How the European Union constrains the state: Multilevel governance of taxation

Authors


Philipp Genschel, Jacobs University Bremen, PO Box 750 561, D-28725 Bremen, Germany. Tel.: +49 421 200-3456; Fax: +49 421 200-3303; E-mail: p.genschel@jacobs-university.de

Abstract

This article challenges the common assumption that the European Union (EU) has little power over taxation. Based on a comprehensive analysis of EU tax legislation and European Court of Justice (ECJ) tax jurisprudence from 1958 to 2007, the article shows that the EU exerts considerable regulatory control over the Member States' taxing power and imposes tighter constraints on Member State taxes than the American federal government imposes on American state taxation. These findings contradict the standard account of the EU as a regulatory polity that specialises in apolitical issues of market creation and leaves control of highly politicised core functions of government (defence, taxation, social security, education, etc.) to the Member States; despite strong treaty safeguards, national tax autonomy is undermined by EU regulation.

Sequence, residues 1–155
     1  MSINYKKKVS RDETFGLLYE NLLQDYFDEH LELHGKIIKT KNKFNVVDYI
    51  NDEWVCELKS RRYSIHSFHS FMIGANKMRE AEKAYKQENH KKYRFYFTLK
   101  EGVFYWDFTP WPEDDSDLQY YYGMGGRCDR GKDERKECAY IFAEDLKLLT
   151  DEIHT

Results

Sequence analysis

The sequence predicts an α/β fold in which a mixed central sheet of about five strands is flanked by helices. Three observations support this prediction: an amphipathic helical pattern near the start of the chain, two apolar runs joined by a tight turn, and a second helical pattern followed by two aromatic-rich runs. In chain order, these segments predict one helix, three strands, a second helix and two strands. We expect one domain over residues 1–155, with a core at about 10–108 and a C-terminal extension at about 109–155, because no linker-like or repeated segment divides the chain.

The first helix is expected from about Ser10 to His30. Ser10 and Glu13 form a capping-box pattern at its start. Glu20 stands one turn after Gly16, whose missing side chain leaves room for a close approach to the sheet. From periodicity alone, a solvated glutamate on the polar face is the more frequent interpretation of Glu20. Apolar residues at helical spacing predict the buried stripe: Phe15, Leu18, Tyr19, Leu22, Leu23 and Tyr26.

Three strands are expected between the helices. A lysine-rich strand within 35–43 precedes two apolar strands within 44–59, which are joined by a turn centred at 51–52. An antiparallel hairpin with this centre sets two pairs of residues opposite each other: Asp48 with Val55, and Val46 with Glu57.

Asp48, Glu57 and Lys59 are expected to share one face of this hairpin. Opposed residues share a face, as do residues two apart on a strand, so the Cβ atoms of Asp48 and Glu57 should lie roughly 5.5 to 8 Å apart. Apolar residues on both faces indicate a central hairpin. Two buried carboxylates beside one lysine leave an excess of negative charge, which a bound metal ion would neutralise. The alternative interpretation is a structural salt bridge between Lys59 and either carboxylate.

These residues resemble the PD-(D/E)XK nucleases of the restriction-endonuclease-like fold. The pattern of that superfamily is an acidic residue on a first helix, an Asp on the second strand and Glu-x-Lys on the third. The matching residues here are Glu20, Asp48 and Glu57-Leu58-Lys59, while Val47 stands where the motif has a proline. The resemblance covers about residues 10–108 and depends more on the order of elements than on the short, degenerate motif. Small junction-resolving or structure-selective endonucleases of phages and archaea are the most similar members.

Ancillary